The Balance2 help file is incorrect about this point. It claims that it’s using the standard equal-power panning curve, which is the square root of a linear segment between 0 and 1. sin() can approximate this (in the middle, sqrt(0.5) == sin(pi/4)), so SC saves CPU cycles by reading the amplitude from the SinOsc wavetable instead of computing square roots.

Unfortunately it means that when I worked out how to calculate the panning value for a given ratio between channels, for the sqrt formula, it didn’t actually work with Balance2.

I don’t remember enough trigonometry to figure it out. I got as far as sin(x) = (r / (1-r)) * cos(x) (I’m not confident of this, though, better derive it again from scratch) where r is the ratio of the right channel vs the total, but I have other things to do, so I need to stop there. I guess you could square it and then exploit sin2 + cos2 = 1 somehow. (Actually I’m pretty sure that would work but I’m out of time.)


OK… partly for fun, partly as a nice math exercise… I was curious what it would take to get Balance2 to weight the signal 75% to the left.

Because pan values increase to the right, it’s a bit easier to think of weighting the signal some percentage to the right. 75% left = 25% right, so we’ll use 0.25.

What is “25% to the right”? It means the volume allotted to the right channel is 1/4 of the total volume of both channels. If a = left channel volume and b = right channel volume, this ratio r is

r = b / (a+b)


ra + rb = b
b - rb = ra
b(1-r) = ra
b = (r/(1-r)) * a

That ‘r’ thing will be inconvenient to carry around, so let q = r / (1-r). (Also notice that r == 1 will be a problem – easy to handle as a special case, but worth noting.)

From the earlier post, Balance2 uses cos(x) as a falling function for the left channel fadeout as x rises, and sin(x) as a rising function for the right channel. So a = cos x and b = sin x. ‘x’, for now, is in radians, ranging 0 to 0.5pi – this is 0, up to the crest of a sine wave.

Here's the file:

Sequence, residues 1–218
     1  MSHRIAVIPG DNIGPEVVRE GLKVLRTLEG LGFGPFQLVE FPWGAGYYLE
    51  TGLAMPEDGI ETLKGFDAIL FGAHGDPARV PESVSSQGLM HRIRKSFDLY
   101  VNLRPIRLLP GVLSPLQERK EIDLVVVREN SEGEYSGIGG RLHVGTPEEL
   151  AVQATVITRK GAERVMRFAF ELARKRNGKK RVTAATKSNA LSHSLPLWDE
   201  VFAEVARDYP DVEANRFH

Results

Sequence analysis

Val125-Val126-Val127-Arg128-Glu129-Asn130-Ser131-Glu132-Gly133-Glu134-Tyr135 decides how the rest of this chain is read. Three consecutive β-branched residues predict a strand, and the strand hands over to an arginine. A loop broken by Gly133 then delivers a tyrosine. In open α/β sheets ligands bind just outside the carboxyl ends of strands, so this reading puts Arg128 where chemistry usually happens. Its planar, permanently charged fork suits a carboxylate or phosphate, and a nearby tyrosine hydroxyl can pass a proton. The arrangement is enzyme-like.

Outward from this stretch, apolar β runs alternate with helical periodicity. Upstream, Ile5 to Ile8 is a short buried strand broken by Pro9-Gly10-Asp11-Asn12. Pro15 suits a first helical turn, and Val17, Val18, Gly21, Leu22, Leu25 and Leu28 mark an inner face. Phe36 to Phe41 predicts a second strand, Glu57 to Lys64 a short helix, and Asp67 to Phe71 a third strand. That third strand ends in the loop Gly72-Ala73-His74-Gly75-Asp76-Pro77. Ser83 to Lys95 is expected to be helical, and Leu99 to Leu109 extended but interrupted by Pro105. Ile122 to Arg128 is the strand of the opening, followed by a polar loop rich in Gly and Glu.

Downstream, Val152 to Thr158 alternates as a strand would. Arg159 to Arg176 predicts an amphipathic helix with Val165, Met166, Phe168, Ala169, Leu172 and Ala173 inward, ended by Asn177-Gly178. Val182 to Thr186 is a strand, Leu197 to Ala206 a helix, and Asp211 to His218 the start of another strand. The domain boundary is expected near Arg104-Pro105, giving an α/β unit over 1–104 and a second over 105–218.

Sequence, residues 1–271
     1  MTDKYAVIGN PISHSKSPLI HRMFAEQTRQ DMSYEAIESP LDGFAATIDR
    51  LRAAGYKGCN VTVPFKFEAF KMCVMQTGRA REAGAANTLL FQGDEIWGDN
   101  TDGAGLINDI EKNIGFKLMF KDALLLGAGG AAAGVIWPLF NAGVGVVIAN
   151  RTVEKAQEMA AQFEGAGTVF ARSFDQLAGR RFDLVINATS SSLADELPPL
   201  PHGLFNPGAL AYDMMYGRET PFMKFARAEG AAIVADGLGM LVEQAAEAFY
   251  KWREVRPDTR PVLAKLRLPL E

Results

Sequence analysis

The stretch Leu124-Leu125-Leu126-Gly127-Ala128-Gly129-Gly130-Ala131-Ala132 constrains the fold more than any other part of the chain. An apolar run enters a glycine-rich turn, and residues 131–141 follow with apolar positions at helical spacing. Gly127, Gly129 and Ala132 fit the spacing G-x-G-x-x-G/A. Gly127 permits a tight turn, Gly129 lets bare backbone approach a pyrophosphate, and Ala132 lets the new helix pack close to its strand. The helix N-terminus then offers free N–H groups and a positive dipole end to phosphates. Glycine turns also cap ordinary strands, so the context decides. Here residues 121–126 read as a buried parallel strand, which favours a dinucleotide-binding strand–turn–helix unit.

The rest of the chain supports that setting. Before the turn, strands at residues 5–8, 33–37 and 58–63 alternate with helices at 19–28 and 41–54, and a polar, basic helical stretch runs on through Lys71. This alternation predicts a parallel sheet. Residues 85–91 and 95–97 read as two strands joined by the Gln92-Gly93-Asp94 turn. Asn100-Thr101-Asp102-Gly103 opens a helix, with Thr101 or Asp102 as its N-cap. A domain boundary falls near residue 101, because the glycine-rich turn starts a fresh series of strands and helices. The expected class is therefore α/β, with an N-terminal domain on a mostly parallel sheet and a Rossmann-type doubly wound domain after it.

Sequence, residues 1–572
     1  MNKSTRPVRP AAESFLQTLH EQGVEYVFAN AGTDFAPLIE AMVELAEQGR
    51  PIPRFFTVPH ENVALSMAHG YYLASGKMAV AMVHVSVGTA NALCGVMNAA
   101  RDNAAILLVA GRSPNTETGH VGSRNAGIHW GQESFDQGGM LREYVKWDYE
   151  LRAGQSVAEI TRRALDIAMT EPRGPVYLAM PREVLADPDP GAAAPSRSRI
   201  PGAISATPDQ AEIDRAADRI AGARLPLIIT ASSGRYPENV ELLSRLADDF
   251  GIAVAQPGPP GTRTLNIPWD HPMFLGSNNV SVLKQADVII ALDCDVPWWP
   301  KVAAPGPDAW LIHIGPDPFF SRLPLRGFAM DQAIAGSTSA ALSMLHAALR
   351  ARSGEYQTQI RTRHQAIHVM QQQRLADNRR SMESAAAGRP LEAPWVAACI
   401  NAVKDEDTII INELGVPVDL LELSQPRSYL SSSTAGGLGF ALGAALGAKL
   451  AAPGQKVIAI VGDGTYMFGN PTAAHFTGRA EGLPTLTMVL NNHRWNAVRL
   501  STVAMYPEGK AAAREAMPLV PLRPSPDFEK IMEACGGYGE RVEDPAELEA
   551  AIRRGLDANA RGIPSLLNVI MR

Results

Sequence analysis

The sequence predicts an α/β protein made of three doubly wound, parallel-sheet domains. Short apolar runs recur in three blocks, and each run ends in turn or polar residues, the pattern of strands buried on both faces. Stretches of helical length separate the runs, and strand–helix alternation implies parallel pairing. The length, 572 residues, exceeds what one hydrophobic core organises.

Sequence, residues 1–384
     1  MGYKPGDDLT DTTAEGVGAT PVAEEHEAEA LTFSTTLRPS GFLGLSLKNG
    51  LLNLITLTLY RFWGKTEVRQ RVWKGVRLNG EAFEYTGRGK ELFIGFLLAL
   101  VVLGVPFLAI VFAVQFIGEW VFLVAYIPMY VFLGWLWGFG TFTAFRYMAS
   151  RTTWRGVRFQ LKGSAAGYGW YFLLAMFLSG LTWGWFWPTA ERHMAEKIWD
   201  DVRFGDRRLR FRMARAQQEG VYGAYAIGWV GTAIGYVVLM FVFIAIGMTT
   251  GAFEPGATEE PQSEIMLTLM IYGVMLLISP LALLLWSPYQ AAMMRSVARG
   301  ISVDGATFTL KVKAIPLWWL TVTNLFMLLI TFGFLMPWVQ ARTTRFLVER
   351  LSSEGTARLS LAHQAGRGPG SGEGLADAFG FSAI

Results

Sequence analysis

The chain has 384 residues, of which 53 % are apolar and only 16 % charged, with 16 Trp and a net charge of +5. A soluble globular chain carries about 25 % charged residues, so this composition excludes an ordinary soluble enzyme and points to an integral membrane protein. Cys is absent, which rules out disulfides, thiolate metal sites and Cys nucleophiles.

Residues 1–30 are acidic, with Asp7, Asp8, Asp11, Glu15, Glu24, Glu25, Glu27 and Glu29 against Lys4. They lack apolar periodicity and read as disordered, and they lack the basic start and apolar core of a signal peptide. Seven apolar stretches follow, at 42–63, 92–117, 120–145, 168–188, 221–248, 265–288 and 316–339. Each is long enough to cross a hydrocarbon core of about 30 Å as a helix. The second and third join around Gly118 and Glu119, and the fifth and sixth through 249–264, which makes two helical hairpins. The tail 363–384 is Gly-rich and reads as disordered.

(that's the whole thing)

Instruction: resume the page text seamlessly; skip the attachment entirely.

b = q * a
sin x = q * cos x

It would be helpful to get cos x in terms of sin x. There’s a trigonometric identity sin2 x + cos2 x = 1, so cos2 x = 1 - sin2 x. First square:

(sin x)^2 = q^2 * (cos x)^2


(sin x)^2 = q^2 * (1 - (sin x)^2)
(sin x)^2 = q^2 - q^2 (sin x)^2
(sin x)^2 + q^2 (sin x)^2 = q^2
(sin x)^2 * (1 + q^2) = q^2
(sin x)^2 = q^2 / (1 + q^2)


sin x = sqrt(q^2 / (1 + q^2)) = q / sqrt(1 + q^2)

So the angle x should be the arcsin of q / sqrt(1 + q.squared). Again, this is 0 to 0.5pi. We need to map this onto a bipolar panning range for Balance2. Target range 2 / source range 0.5pi = 4/pi so first do x / 0.25pi, then add subtract 1.

f = { |r|
	var q;
	r = r.clip(0, 1);
	if(r == 1) {
	} {
		q = r / (1 - r);
		asin(q / sqrt(1 + q.squared)) / 0.25pi - 1

So the pan value for Balance2, which should result in a 75-25% split, is about -0.590334 (which is rather far from -0.75).

Let’s test:

a = {
	var unity =;
	var trig =;
	var stereo =, unity, f.(0.25)).poll(trig);
	(stereo[1] / stereo.sum).poll(trig); <= 0);

UGen Array [0]: 0.948804
UGen Array [1]: 0.315866
UGen(BinaryOpUGen): 0.249761

So the quotient of the right channel volume over the total is, allowing for rounding error, certainly close enough to the desired ratio = 0.25.

That was a bit deeper dive than I expected – but a useful bit of math to have around.


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That’s how I understood it. Also something like (to give a trivial example)

x=5; {|y| y=y+1; y.squared}.(x);

does not change the value of x, except when written as

x = 5; x = {|y| y = y.squared}.(x);

That’s why I thought assigning different values directly to an argument within the function (instead of creating a local variable) is valid, as with “sig” in my original example. In my understanding, a side effect would only be involved once I use an environmental variable like ~sig inside the function instead. (But please correct me if I’m wrong.)

Thank you, this is valuable information! And I appreciate the deep dive into the mathematics of it all. Obviously my understanding of what Balance2 does was far too simplistic – I shall experiment some more with the whole approach.

It shouldn’t be expected to change x.

Variables are never passed by reference in SuperCollider. There’s no case in SC where you are ever passing a variable. Instead, it passes the value of the variable at that moment.

The only thing y knows is that it’s gotten the value 5 from somewhere. After that, y is strictly local to the function; you can do anything you like to it, and there are no side effects outside of the function.

Consider x=5; {|y| y=y+1; y.squared}.(x+1); – then imagine an arbitrarily complex expression in the argument list.

Objects are passed by reference. But variables aren’t objects – they’re only references to objects. So all variables must resolve to objects before anything is done with them.


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Thank you for the clarification! That’s what I thought originally. (But I got a bit confused by the remark that my proposed function would not return anything but work via side effects instead.)